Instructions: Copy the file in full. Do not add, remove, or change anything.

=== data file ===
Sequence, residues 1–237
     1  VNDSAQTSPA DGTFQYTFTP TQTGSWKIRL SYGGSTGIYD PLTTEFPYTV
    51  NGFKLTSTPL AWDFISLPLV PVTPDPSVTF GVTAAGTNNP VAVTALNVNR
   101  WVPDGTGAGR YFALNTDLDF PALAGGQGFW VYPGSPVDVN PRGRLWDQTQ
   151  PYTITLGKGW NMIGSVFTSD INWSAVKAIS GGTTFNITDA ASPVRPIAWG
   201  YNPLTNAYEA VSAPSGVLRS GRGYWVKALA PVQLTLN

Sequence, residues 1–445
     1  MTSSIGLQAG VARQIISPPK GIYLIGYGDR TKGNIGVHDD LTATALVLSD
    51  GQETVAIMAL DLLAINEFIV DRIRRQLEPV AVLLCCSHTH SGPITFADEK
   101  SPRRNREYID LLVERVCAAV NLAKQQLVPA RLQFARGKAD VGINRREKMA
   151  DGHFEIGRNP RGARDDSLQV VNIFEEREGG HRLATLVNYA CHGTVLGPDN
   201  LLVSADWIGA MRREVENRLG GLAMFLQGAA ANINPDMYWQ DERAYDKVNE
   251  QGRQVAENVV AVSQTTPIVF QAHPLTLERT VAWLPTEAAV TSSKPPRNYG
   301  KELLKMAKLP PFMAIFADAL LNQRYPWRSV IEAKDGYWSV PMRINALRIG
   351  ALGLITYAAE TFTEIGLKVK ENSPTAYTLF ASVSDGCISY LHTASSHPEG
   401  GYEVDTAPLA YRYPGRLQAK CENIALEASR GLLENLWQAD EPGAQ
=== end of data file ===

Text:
Sequence, residues 1–237
     1  VNDSAQTSPA DGTFQYTFTP TQTGSWKIRL SYGGSTGIYD PLTTEFPYTV
    51  NGFKLTSTPL AWDFISLPLV PVTPDPSVTF GVTAAGTNNP VAVTALNVNR
   101  WVPDGTGAGR YFALNTDLDF PALAGGQGFW VYPGSPVDVN PRGRLWDQTQ
   151  PYTITLGKGW NMIGSVFTSD INWSAVKAIS GGTTFNITDA ASPVRPIAWG
   201  YNPLTNAYEA VSAPSGVLRS GRGYWVKALA PVQLTLN

Sequence, residues 1–445
     1  MTSSIGLQAG VARQIISPPK GIYLIGYGDR TKGNIGVHDD LTATALVLSD
    51  GQETVAIMAL DLLAINEFIV DRIRRQLEPV AVLLCCSHTH SGPITFADEK
   101  SPRRNREYID LLVERVCAAV NLAKQQLVPA RLQFARGKAD VGINRREKMA
   151  DGHFEIGRNP RGARDDSLQV VNIFEEREGG HRLATLVNYA CHGTVLGPDN
   201  LLVSADWIGA MRREVENRLG GLAMFLQGAA ANINPDMYWQ DERAYDKVNE
   251  QGRQVAENVV AVSQTTPIVF QAHPLTLERT VAWLPTEAAV TSSKPPRNYG
   301  KELLKMAKLP PFMAIFADAL LNQRYPWRSV IEAKDGYWSV PMRINALRIG
   351  ALGLITYAAE TFTEIGLKVK ENSPTAYTLF ASVSDGCISY LHTASSHPEG
   401  GYEVDTAPLA YRYPGRLQAK CENIALEASR GLLENLWQAD EPGAQ